Counter-claim Law and Legal Definition

A Counterclaim is a defendant’s claim against a plaintiff presented in a civil proceeding. It is a claim set up in opposition to a previous claim by a respondent against a claimant. It also refers to a pleading that responds to charges set forth in a defendant's answer.

A counterclaim can be made by the defendant in a civil proceeding, in a main action against the plaintiff or against the plaintiff and other people. This claim may be an attempt to offset or reduce the amount/implications of the plaintiff's original claim against the defendant, or it may be a different claim.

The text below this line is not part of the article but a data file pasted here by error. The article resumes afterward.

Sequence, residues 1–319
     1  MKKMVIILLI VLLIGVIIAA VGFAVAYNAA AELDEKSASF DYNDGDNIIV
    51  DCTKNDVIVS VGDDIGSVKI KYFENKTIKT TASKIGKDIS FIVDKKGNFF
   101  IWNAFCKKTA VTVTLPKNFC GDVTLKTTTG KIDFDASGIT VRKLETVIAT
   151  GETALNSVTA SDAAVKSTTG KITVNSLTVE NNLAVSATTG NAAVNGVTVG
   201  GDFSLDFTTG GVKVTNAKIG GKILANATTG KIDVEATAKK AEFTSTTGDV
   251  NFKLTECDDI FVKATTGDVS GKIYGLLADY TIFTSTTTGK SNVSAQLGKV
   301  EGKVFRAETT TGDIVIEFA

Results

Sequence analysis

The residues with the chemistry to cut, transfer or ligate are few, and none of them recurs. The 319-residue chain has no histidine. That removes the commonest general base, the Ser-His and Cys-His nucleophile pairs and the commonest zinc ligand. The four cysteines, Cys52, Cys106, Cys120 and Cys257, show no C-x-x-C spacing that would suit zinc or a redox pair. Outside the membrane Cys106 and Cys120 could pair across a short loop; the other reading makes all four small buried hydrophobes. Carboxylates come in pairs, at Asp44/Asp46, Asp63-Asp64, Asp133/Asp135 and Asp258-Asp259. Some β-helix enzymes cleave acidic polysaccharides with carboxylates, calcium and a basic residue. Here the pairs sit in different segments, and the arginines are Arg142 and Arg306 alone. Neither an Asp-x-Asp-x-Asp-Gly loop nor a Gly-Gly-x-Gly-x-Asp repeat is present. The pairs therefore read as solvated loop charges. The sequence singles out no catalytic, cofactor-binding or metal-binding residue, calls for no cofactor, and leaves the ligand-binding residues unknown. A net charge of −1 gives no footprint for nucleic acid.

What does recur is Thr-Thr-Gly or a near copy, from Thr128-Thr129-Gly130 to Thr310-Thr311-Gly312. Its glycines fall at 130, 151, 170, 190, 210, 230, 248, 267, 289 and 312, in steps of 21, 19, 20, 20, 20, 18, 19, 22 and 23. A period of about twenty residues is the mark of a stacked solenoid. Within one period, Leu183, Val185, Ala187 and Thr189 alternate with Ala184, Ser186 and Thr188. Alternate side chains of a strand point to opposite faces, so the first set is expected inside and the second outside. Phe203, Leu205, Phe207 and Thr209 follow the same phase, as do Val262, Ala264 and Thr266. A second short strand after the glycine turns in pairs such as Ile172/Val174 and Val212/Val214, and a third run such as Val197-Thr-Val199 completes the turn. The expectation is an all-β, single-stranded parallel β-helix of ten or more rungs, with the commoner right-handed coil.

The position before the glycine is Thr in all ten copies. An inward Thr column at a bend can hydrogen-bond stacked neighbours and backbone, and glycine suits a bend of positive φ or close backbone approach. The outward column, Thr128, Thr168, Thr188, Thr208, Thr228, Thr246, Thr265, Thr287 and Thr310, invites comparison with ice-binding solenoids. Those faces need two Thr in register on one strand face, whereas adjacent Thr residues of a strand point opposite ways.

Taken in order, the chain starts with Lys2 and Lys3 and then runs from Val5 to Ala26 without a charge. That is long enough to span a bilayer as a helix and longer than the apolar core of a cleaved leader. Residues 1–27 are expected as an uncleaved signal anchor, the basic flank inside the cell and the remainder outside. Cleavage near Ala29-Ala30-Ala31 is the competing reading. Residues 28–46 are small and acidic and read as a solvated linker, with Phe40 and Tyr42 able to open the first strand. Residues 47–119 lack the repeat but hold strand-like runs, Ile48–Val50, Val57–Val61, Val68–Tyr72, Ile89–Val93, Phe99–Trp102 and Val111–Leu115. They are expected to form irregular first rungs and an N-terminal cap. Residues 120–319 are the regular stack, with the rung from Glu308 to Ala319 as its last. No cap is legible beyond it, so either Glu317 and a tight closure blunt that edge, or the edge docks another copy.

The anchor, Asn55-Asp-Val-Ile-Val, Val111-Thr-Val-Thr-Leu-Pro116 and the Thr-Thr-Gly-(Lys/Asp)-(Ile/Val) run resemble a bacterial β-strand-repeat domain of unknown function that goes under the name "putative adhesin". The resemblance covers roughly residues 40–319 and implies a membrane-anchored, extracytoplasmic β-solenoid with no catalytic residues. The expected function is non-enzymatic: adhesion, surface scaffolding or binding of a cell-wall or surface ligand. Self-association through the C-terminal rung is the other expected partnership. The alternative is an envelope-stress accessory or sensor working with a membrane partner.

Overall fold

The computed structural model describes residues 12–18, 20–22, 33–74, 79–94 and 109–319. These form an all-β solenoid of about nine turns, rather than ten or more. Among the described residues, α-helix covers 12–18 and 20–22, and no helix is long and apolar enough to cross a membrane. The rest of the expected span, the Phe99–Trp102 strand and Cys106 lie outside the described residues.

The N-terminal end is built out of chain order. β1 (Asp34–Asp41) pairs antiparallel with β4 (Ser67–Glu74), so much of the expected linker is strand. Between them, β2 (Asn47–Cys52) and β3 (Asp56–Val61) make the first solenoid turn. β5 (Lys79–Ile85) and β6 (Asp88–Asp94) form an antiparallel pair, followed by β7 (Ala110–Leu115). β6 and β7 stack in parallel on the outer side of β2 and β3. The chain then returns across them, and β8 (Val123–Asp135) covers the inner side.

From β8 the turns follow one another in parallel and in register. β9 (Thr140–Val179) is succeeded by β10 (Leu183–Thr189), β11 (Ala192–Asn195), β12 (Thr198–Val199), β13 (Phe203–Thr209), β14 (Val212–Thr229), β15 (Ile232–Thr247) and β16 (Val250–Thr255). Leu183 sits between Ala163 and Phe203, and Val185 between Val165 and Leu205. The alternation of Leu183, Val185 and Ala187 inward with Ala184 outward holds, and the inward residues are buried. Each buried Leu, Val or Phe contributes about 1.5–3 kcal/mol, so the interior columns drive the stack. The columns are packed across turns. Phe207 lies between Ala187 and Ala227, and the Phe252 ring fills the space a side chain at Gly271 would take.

Counterclaims are either compulsory or permissive. If the counterclaim is permissive, it may be brought, but no rights are waived if it is not. If the counterclaim is mandatory, it must be brought in the current action or it is waived. Under the United States Federal Rules of Civil Procedure, a counterclaim is compulsory if it involves only the parties currently part of the suit, and is from the same transaction that the original suit is based on. Federal Rule of Civil Procedure 13(a).

A counterclaim can arise:

when a defendant attempts to offset or reduce the amount of a plaintiff's original claim against the defendant; or

when there exists a different claim by a defendant against a plaintiff; or

when a claim is raised by an impleaded third-party defendant against the original defendant acting as a third-party plaintiff; or

when a claim is raised by any party against another party who has made a cross claim against him/her.